It’s been fifteen years since indie rock singer/songwriter Pete Yorn’s acclaimed Musicforthemorningafter debut.
For a few years you couldn’t turn on the TV without hearing (on such shows as Dawson’s Creek, Smallville and Veronica Mars) Yorn’s plaintive yet beautifully lyrical tales of longing, wrapped in rich melodies and regret. For a while he was the poster boy for unrequited love. He got by, though, dating a string of high-profile actresses, recording an album of duets with Scarlett Johansson (2009’s Break Up) and releasing a slew of records that were as browbeaten as they were profound. His latest, ArrangingTime, recorded with the same production team as his debut, is no exception.
This feature is called Welcome Back, and you really did go off grid for five years.
I put out a lot of work in a very short period of time between Break Up , Back And Fourth  and the black album [Pete Yorn, 2010]. I formed The Olms band in 2011 too. I had spent so much of my adult life focused on music that I think there were things missing in my life. I needed an anchor. I’ve since married my best friend, and became a dad in August.
Musicforthemorningafter, ArrangingTime – even the album titles seem to have come full circle.
There is definitely significance there. ArrangingTime is how you choose to spend those basic everyday, seemingly mundane moments between the idealised ‘big’ moments of our lives. So the title is a reminder to get the most out of those everyday experiences that most people take for granted.
Is ArrangingTime your midlife crisis record?
Ha! I would say quite the opposite. Back And Fourth and the black album were my midlife crisis records! This is the record after surviving the growing pains and fire of my mid-thirties and coming through refreshed, reborn and galvanized.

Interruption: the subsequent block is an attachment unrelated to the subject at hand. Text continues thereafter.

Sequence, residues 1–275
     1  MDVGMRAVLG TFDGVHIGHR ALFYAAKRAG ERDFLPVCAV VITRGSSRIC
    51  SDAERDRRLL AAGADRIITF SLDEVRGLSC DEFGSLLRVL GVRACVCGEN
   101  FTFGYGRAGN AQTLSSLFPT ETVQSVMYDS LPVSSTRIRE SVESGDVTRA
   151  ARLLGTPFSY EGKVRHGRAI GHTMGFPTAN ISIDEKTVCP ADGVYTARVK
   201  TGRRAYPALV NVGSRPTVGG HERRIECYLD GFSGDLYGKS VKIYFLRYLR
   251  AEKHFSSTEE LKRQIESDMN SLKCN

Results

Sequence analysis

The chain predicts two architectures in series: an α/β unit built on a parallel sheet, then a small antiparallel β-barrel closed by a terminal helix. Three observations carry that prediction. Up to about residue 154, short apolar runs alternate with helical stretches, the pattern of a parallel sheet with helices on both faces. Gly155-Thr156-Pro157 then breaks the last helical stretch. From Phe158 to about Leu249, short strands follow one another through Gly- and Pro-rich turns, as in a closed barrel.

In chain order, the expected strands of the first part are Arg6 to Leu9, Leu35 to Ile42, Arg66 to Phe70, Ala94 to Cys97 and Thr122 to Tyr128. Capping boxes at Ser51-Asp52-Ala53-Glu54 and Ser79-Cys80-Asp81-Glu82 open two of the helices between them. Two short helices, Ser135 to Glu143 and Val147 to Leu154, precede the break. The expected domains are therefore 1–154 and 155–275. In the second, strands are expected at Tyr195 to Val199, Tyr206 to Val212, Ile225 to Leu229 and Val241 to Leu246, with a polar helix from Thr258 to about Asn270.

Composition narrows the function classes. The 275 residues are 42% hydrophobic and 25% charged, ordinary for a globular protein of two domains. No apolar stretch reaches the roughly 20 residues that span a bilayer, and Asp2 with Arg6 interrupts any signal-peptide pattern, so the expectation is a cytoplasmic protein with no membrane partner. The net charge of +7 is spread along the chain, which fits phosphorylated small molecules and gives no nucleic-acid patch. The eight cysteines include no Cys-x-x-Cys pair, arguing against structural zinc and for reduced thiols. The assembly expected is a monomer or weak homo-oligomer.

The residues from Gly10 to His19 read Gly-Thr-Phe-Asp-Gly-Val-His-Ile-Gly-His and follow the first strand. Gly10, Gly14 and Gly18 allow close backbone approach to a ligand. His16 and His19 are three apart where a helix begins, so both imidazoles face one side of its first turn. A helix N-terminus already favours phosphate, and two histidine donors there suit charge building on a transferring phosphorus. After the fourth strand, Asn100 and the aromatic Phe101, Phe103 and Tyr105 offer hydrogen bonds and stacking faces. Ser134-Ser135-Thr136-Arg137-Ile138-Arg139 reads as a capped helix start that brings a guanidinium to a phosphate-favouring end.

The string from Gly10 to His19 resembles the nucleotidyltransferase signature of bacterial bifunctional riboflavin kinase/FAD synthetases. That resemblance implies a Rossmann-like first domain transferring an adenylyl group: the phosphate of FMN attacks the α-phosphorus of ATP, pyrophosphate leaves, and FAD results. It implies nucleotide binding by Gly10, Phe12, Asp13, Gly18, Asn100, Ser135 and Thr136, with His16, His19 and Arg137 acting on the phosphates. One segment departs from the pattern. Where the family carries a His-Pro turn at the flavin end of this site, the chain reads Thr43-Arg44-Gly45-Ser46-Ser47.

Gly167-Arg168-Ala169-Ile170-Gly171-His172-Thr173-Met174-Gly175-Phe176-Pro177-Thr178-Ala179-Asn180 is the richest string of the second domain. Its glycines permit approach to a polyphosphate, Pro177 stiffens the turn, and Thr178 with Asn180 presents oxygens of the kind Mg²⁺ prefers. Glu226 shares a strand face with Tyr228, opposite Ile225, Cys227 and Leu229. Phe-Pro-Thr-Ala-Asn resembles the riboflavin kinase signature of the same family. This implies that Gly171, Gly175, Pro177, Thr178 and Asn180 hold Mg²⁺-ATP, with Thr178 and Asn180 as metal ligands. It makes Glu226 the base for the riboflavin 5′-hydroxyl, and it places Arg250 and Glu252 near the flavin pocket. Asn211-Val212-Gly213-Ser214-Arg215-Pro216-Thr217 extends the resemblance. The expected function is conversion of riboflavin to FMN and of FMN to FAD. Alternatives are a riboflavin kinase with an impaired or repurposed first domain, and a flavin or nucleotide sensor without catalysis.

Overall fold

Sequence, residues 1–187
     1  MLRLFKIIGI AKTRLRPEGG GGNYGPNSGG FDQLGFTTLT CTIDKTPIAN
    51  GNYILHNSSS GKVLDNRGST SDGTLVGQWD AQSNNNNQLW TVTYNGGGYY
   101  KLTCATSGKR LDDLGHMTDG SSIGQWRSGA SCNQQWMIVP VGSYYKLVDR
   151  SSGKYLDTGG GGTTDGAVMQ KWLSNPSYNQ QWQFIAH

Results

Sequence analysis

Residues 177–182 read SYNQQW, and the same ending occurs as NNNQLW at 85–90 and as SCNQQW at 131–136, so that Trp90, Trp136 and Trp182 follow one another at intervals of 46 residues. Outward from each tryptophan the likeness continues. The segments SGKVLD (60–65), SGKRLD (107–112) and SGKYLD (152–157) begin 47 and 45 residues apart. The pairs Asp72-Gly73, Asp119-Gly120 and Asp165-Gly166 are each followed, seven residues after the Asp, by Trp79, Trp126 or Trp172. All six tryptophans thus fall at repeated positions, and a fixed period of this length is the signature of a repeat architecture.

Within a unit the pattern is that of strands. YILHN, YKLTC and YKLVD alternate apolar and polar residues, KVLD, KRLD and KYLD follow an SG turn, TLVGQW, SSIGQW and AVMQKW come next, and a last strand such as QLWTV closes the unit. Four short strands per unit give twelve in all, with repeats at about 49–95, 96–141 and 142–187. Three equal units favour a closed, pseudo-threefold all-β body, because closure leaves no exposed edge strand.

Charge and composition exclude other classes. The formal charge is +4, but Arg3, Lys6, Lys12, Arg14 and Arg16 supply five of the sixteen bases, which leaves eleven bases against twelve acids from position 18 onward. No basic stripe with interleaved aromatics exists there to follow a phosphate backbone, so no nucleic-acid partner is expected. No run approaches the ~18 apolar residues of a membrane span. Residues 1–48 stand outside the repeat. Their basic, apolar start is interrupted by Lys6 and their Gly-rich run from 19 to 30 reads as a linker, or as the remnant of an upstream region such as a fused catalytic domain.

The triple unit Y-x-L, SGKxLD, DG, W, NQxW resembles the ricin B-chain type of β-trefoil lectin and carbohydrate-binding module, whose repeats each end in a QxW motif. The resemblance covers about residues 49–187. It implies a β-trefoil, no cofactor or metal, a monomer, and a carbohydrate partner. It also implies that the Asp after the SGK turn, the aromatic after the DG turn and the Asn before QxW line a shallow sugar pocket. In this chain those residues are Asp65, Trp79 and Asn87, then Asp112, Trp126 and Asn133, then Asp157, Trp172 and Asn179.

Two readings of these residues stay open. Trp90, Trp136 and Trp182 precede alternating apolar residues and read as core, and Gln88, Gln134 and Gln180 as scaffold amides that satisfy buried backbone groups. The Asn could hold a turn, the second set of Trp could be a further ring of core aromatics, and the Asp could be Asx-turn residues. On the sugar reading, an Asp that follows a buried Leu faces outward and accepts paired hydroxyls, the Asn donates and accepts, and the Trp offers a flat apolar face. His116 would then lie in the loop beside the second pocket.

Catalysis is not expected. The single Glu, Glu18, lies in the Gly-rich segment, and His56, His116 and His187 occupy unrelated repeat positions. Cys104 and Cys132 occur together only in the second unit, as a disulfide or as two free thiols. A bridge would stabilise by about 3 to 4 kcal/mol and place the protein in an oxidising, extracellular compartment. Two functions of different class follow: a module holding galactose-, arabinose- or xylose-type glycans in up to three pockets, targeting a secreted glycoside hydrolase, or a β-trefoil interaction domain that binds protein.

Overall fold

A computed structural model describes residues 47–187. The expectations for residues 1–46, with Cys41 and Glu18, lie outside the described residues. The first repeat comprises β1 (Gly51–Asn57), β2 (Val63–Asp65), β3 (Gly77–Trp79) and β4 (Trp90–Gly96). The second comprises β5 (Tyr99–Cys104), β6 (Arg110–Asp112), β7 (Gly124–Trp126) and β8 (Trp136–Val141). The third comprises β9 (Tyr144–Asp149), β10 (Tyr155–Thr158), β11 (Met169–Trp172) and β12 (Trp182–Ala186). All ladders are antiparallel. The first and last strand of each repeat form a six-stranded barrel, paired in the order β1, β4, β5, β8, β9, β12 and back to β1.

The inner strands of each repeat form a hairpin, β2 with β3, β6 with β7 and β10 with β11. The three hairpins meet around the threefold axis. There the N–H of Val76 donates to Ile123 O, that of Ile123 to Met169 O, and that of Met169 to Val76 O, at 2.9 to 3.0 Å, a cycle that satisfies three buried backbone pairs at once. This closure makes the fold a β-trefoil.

There’s real aching in some of the newer material that seems to hark back to Musicforthemorningafter.
Walt [R Walt Vincent, producer] and I always joke that we’re suckers for a song that has a certain emotional tug… We try to capture that emotion in music. I can see how it would have turned up in different ways on Music and ArrangingTime, because it’s something we gravitate towards naturally.
You recorded Break Up with Scarlett Johansson. When did you first realise she could sing?
I realised she could sing the day she came to the studio for the first time, which was in 2006. Before that it was more just an instinct that she had a certain energy that was right for the record. I wanted that Lee Hazlewood and Nancy Sinatra, Serge Gainsbourg and Brigitte Bardot energy. She is so talented, there was no doubt she could pull it off. I had known her for a few years by the time we got to work on Break Up. If memory serves, the first time I met her she came up to me as an underage kid in a club in NYC, right around the time my first record had come out, and in her scratchy voice said something like: “Hey, you’re Petie! I know your brothers!” We’ve been friends ever since.
What would the Pete Yorn that made this album tell the Pete Yorn that made that one?
Well done, you little shit!